A perfect example of this was when two women visiting from California called me for a private tour to some of the most haunted spots on ‘O’ahu. They claimed to be amateur ghost hunters, but they did confess that they learned most of what they knew from watching a ghost hunter’s show on cable television. After picking them up at their Waikiki hotel, we drove out to the North Shore, where there were a few choice spots for paranormal activity. Our first stop was the birthing stones at Kukaniloko in Wahiawa. I began to notice that, for a pair of amateur ghost hunters, they weren’t taking any pictures or audio recordings of any kind. They were more wide-eyed like a deer in the headlights as we walked around the sacred area dedicated to female Ali’i, who gave birth to future rulers of ‘O’ahu. Once we were done, we jumped into the car and headed out to our second stop, which was a graveyard in the middle of the Waialua cane field. By that time, the two women were in tears and begged to be brought back to their hotel room immediately. I offered them their money back, but they said that it was quite alright and that I shouldn’t worry about it. When I asked them what was wrong, all they could say was that they had seen something at the birthing stones that made them realize that there was a vast difference between what they saw on television and what actually appeared to them in front of their faces. Other than that, they didn’t care to go into any great detail. From that point, however, they swore that they were going to give up amateur ghost hunting completely.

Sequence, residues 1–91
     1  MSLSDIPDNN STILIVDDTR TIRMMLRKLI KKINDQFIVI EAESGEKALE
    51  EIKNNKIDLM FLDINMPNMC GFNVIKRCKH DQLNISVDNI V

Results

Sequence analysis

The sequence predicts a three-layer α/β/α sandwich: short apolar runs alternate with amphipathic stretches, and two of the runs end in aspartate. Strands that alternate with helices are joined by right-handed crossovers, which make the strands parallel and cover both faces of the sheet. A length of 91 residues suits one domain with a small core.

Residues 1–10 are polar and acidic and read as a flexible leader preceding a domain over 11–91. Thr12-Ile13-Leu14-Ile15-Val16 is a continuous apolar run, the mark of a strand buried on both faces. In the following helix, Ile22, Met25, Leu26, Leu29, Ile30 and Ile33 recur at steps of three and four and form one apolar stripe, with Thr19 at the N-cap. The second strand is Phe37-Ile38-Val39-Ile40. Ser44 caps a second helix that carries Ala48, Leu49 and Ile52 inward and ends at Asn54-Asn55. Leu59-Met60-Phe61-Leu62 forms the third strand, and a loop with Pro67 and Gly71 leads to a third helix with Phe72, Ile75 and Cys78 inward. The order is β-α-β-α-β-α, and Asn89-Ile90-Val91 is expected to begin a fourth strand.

Sitting in the kitchen of the Hawkins home now, I asked the family to wait out in the foyer while I set up the energy wheel in the middle of the kitchen table. I instructed them that I would call for them one by one. I began with Crenshaw first.